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Stores Cash in on Debit Cards

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When the transaction fees for debit card purchases were slashed Oct. 1., few thought merchants would pass the savings on to consumers. But according to a new study, many retailers actually raised prices.

Banks and retailers fought tooth and nail over debit card transaction fees and, as Pay Dirt previously reported, retailers won. The fees stores pay banks for debit card purchases were halved under the Durbin amendment. The ruling was regarded as a boon for bigger retailers and – in theory at least – for shoppers who preferred debit over credit. The ruling was regarded as a boon for bigger retailers and – in theory at least – for shoppers who preferred debit over credit.

However, smaller retailers say the 21-cent cap on transactions (plus 0.05% of the transaction) hurts them and many upped their prices. The Electronic Payments Coalition, an advocacy group that represents banks and credit unions, says 76% of retailers either raised prices or kept them the same since the lower fees were introduced. Previously, retailers were forced to pay 1%-2% of the transaction – or 44 cents on most small debit card purchases.

Large retailers are reaping the benefits but not giving back the rewards, analysts say. On average, customers are paying 1.7% more for the same items after Oct. 1, according to the study. “From day one – despite the political rhetoric – this was always a sweetheart deal for mega retailers,” says Trish Wexler, a spokeswoman for the Electronic Payments Coalition. “Mom and pop businesses, and consumers, are now paying more.” She adds, “Consumers are bearing the brunt of the Durbin amendment.”

To be sure, not all retailers raised prices. As far back as 2002, the Swedish furniture giant Ikea began offering money-off coupons for customers on some purchases if they used debit cards instead of credit cards – which have a higher 2.5% swipe fee; Ikea offers 1%-off coupons for debit card purchases. Odysseas Papadimitriou, CEO at CardHub.com, says smaller retailers may actually start phasing out their debit card usage altogether.

Retailers say they have been targeting discounts on the most popular items, while keeping prices in-step with inflation. “Swipe fees aren’t the only factors that go into retail pricing,” says Mallory Duncan, senior vice-president and general counsel for The National Retail Federation. “Every retailer is going to figure out, ‘How do I return the greatest value to my customer to increase my market share?’ This could include free shipping or investing in customer service.”

But don’t retailers also offer discounts to move unpopular items? “That’s only if merchants have done a poor job with their inventory,” Duncan says. “That occurs after Christmas.”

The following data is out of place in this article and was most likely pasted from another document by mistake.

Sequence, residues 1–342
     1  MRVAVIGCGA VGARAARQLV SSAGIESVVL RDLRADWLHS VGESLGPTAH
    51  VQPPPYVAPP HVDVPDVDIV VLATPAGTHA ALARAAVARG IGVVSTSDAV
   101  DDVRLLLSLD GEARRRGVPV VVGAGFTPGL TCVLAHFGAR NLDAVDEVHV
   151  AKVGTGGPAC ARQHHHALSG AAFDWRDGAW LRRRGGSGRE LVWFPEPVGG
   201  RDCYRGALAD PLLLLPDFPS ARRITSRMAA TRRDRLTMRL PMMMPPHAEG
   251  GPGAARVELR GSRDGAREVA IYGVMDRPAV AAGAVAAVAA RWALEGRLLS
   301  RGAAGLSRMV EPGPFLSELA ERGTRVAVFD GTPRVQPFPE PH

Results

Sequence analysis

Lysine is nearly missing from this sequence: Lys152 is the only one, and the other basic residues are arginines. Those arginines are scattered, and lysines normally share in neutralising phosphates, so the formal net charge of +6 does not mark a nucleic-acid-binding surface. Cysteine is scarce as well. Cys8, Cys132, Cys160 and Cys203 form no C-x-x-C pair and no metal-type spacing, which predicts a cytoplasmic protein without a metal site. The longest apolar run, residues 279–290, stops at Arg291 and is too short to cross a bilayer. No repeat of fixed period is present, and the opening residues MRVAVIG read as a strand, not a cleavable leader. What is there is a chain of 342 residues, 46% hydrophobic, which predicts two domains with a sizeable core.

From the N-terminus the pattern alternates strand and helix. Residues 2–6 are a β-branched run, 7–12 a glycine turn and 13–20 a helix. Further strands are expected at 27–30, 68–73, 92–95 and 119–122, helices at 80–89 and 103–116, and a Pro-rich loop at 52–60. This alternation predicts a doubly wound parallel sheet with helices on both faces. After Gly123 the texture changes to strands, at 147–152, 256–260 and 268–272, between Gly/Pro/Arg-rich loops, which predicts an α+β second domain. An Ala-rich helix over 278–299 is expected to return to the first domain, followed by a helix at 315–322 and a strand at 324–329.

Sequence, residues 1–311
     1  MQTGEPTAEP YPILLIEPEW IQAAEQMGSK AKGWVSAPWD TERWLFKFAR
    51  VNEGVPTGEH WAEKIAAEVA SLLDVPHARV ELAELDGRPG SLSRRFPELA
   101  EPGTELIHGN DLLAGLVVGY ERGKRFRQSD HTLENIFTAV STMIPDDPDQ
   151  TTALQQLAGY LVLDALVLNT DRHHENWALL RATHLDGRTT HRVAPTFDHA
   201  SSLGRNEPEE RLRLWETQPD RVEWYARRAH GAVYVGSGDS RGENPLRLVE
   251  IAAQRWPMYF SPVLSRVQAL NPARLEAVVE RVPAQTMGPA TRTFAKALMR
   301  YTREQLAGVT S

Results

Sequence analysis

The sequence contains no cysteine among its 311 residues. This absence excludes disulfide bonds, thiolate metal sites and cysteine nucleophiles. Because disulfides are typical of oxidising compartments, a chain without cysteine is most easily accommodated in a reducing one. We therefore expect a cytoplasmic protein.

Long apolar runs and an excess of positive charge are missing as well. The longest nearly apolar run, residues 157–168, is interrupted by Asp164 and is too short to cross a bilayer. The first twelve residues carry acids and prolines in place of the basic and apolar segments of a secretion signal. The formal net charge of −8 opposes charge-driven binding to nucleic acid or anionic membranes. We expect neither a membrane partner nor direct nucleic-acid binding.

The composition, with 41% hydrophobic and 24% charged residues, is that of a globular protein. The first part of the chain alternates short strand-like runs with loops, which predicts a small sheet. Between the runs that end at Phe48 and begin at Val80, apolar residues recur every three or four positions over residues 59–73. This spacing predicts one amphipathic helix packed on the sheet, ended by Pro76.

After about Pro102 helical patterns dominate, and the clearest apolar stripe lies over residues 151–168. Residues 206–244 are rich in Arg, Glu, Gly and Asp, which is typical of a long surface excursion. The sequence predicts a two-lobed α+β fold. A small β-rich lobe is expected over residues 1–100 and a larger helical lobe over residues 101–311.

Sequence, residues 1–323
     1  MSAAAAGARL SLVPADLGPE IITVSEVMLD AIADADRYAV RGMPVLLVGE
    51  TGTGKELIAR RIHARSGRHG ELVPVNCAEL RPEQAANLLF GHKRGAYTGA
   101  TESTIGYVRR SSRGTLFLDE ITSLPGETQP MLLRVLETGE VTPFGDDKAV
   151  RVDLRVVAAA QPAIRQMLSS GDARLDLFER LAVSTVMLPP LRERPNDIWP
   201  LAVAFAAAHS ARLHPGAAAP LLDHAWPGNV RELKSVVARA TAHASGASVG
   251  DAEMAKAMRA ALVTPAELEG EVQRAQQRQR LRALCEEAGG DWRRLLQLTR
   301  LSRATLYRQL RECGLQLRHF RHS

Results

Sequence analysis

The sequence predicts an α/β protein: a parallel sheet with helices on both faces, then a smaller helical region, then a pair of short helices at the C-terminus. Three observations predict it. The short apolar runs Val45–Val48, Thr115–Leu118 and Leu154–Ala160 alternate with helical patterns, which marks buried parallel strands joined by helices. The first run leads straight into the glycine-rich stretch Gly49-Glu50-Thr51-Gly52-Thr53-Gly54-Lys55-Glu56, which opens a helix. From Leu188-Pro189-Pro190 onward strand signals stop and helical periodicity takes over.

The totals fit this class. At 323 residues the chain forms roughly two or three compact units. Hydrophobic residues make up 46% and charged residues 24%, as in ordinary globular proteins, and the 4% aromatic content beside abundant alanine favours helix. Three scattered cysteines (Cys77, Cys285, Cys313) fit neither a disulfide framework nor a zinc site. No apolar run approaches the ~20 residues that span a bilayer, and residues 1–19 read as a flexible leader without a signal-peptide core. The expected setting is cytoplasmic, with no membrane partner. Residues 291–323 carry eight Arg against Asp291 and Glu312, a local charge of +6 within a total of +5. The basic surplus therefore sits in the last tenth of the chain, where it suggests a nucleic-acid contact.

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    • Hello Gregory and thanks for snppoitg by. I’ve just opened this blog so there are some technical issues that I hope to correct as soon as possible. Thanks for alerting me to the problem and I hope to resolve it quickly.

    • Did anyone think prices would be lowered by 21 cents? The fee that was lowered was the per item fee, not the interchange rate charged by MC/Visa.

    • The writer summarized a whole slew of actual articles for this, and missed the main point: that merchant fee collectors have RAISED the rates they charge small businesses, because they can no longer charge higher rates to larger stores (who are their real customers). Law of unintended consequences meets corporate greed, and retail customers lose, as usual.

      My experience is that SmartMoney is like Wikipedia: not much use for anything new or controversial, but a place to start so you can do actual research.

    • This article doesn’t make any sense. Debit card fees have decreased. If retail prices have increased, it’s not because of debit card fees because those fees have decreased. Notice that the article entire thesis is based entirely on a claim by the Electronic Payments Coalition, a group that was against this to begin with. The article states that, “smaller retailers say the 21-cent cap on transactions (plus 0.05% of the transaction) hurts them and many upped their prices” – if that’s true, then quote at least ONE small retailer who says that true.

About Pay Dirt

  • Pay Dirt examines the millions of consumer decisions Americans make every day: What to buy, how much to pay, whether to rave or complain. Lead written by Quentin Fottrell, the blog examines these interactions, providing readers with news, insight and tips on shopping, spending, customer service, and companies that do right – and wrong – by their customers. Send items, questions and comments to quentin.fottrell@dowjones.com or tweet @SMPayDirt.

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